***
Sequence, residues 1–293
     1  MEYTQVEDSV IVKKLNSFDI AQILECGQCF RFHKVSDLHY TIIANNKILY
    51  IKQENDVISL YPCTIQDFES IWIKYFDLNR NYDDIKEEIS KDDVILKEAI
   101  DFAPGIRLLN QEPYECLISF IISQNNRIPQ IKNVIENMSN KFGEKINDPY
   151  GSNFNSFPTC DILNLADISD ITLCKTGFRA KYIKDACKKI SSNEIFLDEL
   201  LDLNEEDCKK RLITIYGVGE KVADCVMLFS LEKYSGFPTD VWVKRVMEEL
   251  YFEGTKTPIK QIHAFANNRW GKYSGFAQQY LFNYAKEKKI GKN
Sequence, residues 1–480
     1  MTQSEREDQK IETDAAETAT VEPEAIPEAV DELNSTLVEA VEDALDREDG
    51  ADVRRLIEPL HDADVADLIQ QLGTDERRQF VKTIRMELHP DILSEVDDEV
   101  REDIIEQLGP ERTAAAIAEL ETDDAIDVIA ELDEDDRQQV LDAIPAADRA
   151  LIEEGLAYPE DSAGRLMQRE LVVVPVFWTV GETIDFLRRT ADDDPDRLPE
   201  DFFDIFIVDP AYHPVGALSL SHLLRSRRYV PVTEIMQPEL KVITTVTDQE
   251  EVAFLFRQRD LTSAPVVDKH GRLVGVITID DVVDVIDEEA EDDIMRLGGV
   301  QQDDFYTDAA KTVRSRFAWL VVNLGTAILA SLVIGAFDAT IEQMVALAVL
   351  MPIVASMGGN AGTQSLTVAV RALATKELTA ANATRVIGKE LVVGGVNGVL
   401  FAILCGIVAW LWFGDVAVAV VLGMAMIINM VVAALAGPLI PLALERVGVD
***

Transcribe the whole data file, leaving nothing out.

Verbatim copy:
Sequence, residues 1–293
     1  MEYTQVEDSV IVKKLNSFDI AQILECGQCF RFHKVSDLHY TIIANNKILY
    51  IKQENDVISL YPCTIQDFES IWIKYFDLNR NYDDIKEEIS KDDVILKEAI
   101  DFAPGIRLLN QEPYECLISF IISQNNRIPQ IKNVIENMSN KFGEKINDPY
   151  GSNFNSFPTC DILNLADISD ITLCKTGFRA KYIKDACKKI SSNEIFLDEL
   201  LDLNEEDCKK RLITIYGVGE KVADCVMLFS LEKYSGFPTD VWVKRVMEEL
   251  YFEGTKTPIK QIHAFANNRW GKYSGFAQQY LFNYAKEKKI GKN
Sequence, residues 1–480
     1  MTQSEREDQK IETDAAETAT VEPEAIPEAV DELNSTLVEA VEDALDREDG
    51  ADVRRLIEPL HDADVADLIQ QLGTDERRQF VKTIRMELHP DILSEVDDEV
   101  REDIIEQLGP ERTAAAIAEL ETDDAIDVIA ELDEDDRQQV LDAIPAADRA
   151  LIEEGLAYPE DSAGRLMQRE LVVVPVFWTV GETIDFLRRT ADDDPDRLPE
   201  DFFDIFIVDP AYHPVGALSL SHLLRSRRYV PVTEIMQPEL KVITTVTDQE
   251  EVAFLFRQRD LTSAPVVDKH GRLVGVITID DVVDVIDEEA EDDIMRLGGV
   301  QQDDFYTDAA KTVRSRFAWL VVNLGTAILA SLVIGAFDAT IEQMVALAVL
   351  MPIVASMGGN AGTQSLTVAV RALATKELTA ANATRVIGKE LVVGGVNGVL
   401  FAILCGIVAW LWFGDVAVAV VLGMAMIINM VVAALAGPLI PLALERVGVD